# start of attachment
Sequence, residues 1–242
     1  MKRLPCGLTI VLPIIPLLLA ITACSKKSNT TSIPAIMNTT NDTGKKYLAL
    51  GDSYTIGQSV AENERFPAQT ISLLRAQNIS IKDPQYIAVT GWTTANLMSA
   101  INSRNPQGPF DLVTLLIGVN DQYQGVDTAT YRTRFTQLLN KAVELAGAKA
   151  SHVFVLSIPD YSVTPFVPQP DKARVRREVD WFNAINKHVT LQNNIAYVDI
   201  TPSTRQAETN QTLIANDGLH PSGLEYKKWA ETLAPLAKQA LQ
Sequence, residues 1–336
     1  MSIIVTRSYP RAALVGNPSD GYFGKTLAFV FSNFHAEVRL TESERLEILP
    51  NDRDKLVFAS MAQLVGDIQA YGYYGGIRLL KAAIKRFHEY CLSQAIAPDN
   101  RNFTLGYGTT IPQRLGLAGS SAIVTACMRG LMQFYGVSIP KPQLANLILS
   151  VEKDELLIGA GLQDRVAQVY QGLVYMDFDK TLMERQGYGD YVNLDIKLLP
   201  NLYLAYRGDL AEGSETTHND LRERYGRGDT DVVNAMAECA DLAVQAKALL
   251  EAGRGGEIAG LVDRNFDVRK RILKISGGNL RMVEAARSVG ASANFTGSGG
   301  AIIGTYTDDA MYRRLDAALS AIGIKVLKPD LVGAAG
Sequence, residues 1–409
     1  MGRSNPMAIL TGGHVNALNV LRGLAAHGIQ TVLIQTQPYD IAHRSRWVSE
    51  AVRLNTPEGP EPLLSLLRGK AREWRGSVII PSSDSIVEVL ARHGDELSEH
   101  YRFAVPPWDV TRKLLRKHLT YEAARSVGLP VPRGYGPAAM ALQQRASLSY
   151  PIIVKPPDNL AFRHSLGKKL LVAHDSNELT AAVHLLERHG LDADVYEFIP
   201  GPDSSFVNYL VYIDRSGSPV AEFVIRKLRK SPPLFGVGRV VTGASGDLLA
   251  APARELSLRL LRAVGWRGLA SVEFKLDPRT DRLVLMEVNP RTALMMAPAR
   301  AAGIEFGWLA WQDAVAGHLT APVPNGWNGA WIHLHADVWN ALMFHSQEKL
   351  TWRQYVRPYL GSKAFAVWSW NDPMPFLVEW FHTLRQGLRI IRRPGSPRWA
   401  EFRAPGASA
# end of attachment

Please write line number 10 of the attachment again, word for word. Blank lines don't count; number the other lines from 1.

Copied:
   101  RNFTLGYGTT IPQRLGLAGS SAIVTACMRG LMQFYGVSIP KPQLANLILS